Tendinopathy (Jill Cook workshop)

Questions for Jill Cook

- I understand you have said tendinopathy is almost always due to overloading. 
What is your definition of overloading in this context?
what is not overloadng for several months of stable lifestyle and training.....

Ultrasound-Guided Percutaneous Tenotomy
platelet rich plasma
prolotherapy (dextrose la)
dry needling fenestration.
glyceryl trinitrate patches
dietary interventions i.e. low carb and weight loss

ultrasound, iontophoresis and low-level laser therapy.
Current data support the use of eccentric strengthening protocols, sclerotherapy, and nitric oxide patches
 Preliminary work with growth factors and stem cells is promising, but further study is required in these fields.


I ask because in my experience, overload is not a discrete phenomenon. Rather it has many variables we are yet to understand the relative contribution of.
an athlete's workload may not overload in one month, but may in the next month, due to changes in compromised emotional state, sleep, hydration, nutrition.
If we don't understand the relative contribution of inputs, this makes progressing a rehab workload more art than science.

It seems to me overloading in this context means any workload/stress, that results in compromised tendon recovery.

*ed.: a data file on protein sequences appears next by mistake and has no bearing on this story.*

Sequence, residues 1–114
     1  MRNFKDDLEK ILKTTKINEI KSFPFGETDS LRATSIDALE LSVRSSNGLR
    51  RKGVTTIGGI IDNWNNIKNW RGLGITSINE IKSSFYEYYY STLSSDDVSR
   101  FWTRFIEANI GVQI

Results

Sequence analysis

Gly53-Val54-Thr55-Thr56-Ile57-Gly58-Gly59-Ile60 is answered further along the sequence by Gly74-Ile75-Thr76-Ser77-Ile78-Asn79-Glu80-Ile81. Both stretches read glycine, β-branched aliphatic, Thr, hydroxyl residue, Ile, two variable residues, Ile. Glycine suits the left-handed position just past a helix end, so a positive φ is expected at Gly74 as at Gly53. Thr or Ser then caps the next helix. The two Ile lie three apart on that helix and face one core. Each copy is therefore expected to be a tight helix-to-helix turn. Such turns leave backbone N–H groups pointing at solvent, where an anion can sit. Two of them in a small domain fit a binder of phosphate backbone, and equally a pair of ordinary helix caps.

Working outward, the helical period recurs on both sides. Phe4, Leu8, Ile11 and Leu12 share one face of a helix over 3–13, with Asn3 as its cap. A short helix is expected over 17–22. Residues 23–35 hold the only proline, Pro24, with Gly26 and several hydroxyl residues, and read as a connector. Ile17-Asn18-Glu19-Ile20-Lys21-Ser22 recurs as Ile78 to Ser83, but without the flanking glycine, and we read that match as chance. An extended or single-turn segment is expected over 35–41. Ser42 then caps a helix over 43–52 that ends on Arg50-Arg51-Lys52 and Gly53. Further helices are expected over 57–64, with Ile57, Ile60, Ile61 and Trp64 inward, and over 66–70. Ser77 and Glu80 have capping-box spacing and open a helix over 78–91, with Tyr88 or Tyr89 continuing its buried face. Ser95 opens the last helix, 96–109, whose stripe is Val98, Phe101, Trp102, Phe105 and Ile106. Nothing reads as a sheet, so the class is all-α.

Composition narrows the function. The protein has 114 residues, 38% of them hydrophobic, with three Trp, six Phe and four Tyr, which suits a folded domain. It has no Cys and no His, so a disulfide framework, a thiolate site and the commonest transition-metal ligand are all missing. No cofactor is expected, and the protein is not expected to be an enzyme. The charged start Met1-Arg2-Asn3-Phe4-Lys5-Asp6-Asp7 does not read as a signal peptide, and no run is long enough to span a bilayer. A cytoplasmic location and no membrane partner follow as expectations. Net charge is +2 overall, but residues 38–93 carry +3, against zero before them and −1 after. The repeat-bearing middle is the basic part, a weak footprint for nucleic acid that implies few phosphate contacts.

- have you a protocol or recommendations for avoiding overload and tendinopathy?

- obesity, diabetes 2, post menopausal, adolescent load, ulcerative colitis, seronegative factors.

- Have you liaised with veterinarians from the horse racing industry, in which tendinopathy is a significant pathology?

nitrate patches?

Peter Malliaras 2006 a
Patella and Achilles Tendons Risk Factors
Diabetes T2, insulin resistance, higher total and ldl and lower hdl Cholesterol, waist circumference,

 advanced glycation end-products
Diabetes has a significant impact on the function of tendons due to the accumulation of advanced glycation end-products in the load-bearing collagen. In addition, tendon vascularity and healing may be reduced due to diabetes-induced changes in the peripheral vascular system, and impaired synthesis of collagen and glycosaminoglycan.